Aliquots (50 mL) of the community were centrifuged in 50 mL tubes at 4000 × g at room temperature for 30 min. Cell pellets were resuspended in 700 μL of RNAlater and stored at −80 °C for 1 week. These cells (150 mg) were suspended in 600 μL Qiagen RLT lysis buffer supplemented with 1% beta-mercaptoethanol, 0.3 U/μL Superase-In (Invitrogen), and 1.55 mM of chloramphenicol. This mixture was incubated at room temperature for 5 min. The suspension was subjected to bead beating for 3 min using 1.0 mm Zirconia/Silica beads. This was performed with a MiniBeadBeater-16, Model 607. The lysed solution was centrifuged at room temperature for 3 min at 21,000 × g to pellet cellular debris, and the supernatant was extracted to 2 mL tubes. The lysis supernatant was subjected to ethanol precipitation with 0.1% volume of 3 M sodium acetate and 2.5 M volumes of 100% ethanol. To precipitate, samples were incubated at −80 °C for 30 min, then centrifuged at 21,000 × g for 30 min at 4 °C. The pellet of RNA and RNA-protein complexes was resuspended in MNase buffer. The buffer contained 25 mM Tris pH 8.0, 25 mM NH4Cl, 10 mM MgOAc, and 1.55 mM chloramphenicol. One microliter of solution was diluted 20-fold and quantified with Qubit dsDNA HS Assay Kit (Invitrogen). MNase reaction mix was prepared as described20, except this was scaled down to an input of 80 μg of RNA and 1 μL of NEB MNase 500 U/μL in a total reaction volume of 200 μL. The MNase reaction was incubated at room temperature for 2 h. All following steps were performed identically20, except the tRNA removal steps were excluded. Briefly, 500 mL of polysome binding buffer was used to wash the Sephacryl S400 MicroSpin columns (GE Healthcare Life Sciences) three times—spinning the column for 3 min at 4 °C at 600 r.p.m. Polysome binding buffer consisted of 100 μL Igepal CA-630, 500 μL magnesium chloride at 1 M, 500 μL egtazic acid (EGTA) at 0.5 M, 500 μL of NaCl at 5 M, 500 μL Tris-HCl pH 8.0. at 1 M, and 7.9 mL of RNase-free water. The MNase reaction was applied to the column and centrifuged for 5 min at 4 °C. The flow-through was purified further with miRNAeasy Mini Kit (Qiagen) using the manufacturer’s protocols. Elution was performed at 15 μL volume. rRNA was depleted using RiboZero-rRNA Removal Kit for Bacteria (Illumina) using the manufacturer’s protocol, except all reaction volumes and amounts were reduced by 50%. This was purified with RNAeasy MinElute Cleanup Kit (Qiagen), eluting in 20 μL of water. The reaction, in 18 μL volume, was subjected to T4 PNK Reaction (NEB M0201S) with the addition of 1 μL Superase-In (Invitrogen), 2.2 μL 10× T4 PNK Buffer, and 1 μL T4 PNK (10 U/μL). This reaction was purified again with RNAeasy MinElute Cleanup (Qiagen). The concentration was determined with Qubit RNA HS Assay Kit (Illumina). With 100 ng of RNA as input, libraries were prepared using NEBNext Small RNA Library Prep Set for Illumina (NEB, E7330), using the manufacturer’s protocols. DNA was purified using Minelute PCR Purification Kit (Qiagen). Libraries were sequenced with 1 × 75 bp reads on a NextSeq 500.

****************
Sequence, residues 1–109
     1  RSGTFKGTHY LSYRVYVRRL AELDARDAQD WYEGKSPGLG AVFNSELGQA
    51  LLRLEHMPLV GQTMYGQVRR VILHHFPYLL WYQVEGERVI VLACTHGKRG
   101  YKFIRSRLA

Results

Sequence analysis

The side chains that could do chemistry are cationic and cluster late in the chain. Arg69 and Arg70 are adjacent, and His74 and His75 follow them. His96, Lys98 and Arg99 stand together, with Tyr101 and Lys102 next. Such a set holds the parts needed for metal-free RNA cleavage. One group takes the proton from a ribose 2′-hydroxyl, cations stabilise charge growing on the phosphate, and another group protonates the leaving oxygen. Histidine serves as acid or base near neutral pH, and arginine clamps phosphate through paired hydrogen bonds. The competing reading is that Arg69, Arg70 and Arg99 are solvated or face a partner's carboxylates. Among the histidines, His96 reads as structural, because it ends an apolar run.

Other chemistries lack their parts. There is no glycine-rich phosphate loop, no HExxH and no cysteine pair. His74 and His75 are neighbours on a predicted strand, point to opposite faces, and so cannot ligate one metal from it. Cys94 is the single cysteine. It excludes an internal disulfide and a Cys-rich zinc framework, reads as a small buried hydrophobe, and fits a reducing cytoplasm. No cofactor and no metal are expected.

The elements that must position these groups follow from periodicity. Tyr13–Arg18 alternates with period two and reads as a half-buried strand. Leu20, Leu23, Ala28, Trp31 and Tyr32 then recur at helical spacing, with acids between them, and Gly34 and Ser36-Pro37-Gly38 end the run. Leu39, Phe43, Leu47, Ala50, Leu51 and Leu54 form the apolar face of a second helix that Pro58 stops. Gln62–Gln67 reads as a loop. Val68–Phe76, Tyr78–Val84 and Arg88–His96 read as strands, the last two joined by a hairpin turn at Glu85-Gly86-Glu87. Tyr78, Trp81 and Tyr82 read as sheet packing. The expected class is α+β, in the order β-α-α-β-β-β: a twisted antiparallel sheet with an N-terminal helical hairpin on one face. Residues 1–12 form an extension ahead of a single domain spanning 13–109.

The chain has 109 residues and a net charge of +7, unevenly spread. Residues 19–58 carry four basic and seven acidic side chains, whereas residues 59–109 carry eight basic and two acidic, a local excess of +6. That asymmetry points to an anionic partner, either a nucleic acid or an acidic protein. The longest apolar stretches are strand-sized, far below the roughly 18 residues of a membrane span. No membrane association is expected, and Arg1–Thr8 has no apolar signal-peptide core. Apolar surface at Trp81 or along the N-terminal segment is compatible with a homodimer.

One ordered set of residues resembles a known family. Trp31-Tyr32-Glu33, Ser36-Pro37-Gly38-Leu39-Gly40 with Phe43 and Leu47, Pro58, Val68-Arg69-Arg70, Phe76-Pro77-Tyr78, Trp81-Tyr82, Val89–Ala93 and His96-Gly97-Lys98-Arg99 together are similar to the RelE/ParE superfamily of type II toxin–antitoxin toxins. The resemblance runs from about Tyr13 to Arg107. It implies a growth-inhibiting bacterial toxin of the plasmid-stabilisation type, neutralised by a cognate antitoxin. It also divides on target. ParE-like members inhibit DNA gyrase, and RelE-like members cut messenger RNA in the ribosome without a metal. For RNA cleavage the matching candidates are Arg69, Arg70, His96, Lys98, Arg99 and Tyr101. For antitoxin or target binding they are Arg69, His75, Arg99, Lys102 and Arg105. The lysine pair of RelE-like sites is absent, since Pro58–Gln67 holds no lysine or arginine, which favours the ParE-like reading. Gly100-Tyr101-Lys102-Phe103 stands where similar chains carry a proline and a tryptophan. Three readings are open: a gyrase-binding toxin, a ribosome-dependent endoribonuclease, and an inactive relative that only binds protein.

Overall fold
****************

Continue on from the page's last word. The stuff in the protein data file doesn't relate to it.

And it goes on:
Mock community Ribo-Seq